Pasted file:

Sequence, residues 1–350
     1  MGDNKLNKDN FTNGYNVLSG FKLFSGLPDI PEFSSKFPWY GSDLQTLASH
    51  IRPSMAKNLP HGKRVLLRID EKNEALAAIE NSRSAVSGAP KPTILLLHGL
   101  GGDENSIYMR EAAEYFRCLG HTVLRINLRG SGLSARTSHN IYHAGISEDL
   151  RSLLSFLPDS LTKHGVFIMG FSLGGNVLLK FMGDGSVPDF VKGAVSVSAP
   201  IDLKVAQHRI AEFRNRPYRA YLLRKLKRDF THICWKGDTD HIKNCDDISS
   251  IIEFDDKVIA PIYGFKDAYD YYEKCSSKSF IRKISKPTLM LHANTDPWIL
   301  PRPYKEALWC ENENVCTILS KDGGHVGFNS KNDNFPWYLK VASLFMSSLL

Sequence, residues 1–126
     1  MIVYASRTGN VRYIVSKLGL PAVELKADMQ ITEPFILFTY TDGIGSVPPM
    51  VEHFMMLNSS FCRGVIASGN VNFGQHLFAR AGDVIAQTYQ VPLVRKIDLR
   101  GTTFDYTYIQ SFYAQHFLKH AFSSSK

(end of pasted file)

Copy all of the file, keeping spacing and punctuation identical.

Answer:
Sequence, residues 1–350
     1  MGDNKLNKDN FTNGYNVLSG FKLFSGLPDI PEFSSKFPWY GSDLQTLASH
    51  IRPSMAKNLP HGKRVLLRID EKNEALAAIE NSRSAVSGAP KPTILLLHGL
   101  GGDENSIYMR EAAEYFRCLG HTVLRINLRG SGLSARTSHN IYHAGISEDL
   151  RSLLSFLPDS LTKHGVFIMG FSLGGNVLLK FMGDGSVPDF VKGAVSVSAP
   201  IDLKVAQHRI AEFRNRPYRA YLLRKLKRDF THICWKGDTD HIKNCDDISS
   251  IIEFDDKVIA PIYGFKDAYD YYEKCSSKSF IRKISKPTLM LHANTDPWIL
   301  PRPYKEALWC ENENVCTILS KDGGHVGFNS KNDNFPWYLK VASLFMSSLL

Sequence, residues 1–126
     1  MIVYASRTGN VRYIVSKLGL PAVELKADMQ ITEPFILFTY TDGIGSVPPM
    51  VEHFMMLNSS FCRGVIASGN VNFGQHLFAR AGDVIAQTYQ VPLVRKIDLR
   101  GTTFDYTYIQ SFYAQHFLKH AFSSSK